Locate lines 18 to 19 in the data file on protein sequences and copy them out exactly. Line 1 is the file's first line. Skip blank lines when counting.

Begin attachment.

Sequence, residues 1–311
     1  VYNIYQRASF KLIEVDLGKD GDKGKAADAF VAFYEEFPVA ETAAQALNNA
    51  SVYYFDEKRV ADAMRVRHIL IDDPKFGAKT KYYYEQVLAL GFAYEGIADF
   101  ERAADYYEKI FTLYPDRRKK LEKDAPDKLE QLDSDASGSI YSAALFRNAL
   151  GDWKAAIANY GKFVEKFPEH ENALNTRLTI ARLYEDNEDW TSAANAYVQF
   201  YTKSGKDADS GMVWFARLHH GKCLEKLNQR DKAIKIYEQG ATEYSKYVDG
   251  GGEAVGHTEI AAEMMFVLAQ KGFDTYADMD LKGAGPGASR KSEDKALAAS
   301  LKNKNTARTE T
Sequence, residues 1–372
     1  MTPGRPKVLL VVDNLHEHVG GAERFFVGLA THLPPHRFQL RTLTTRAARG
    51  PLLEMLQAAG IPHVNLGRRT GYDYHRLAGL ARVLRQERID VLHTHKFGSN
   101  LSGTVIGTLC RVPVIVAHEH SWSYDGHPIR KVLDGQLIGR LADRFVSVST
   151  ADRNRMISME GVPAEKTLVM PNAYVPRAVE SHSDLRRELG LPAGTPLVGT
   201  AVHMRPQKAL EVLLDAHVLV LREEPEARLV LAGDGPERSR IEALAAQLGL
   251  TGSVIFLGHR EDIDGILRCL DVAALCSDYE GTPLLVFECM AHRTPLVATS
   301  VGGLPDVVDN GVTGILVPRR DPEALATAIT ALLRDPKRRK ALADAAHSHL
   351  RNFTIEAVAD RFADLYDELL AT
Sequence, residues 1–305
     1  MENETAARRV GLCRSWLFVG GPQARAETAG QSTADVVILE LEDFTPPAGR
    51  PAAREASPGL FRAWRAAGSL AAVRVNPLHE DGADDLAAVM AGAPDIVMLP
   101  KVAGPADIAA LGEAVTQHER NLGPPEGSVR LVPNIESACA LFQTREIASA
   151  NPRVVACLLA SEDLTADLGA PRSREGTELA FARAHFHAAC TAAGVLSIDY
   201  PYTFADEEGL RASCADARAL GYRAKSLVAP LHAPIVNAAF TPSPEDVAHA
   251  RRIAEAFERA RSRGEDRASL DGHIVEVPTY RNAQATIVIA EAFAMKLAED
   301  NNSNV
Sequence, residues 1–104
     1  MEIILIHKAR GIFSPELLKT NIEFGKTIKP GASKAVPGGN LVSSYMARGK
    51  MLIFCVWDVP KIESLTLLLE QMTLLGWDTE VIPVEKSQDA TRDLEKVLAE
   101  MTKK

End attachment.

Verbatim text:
Sequence, residues 1–305
     1  MENETAARRV GLCRSWLFVG GPQARAETAG QSTADVVILE LEDFTPPAGR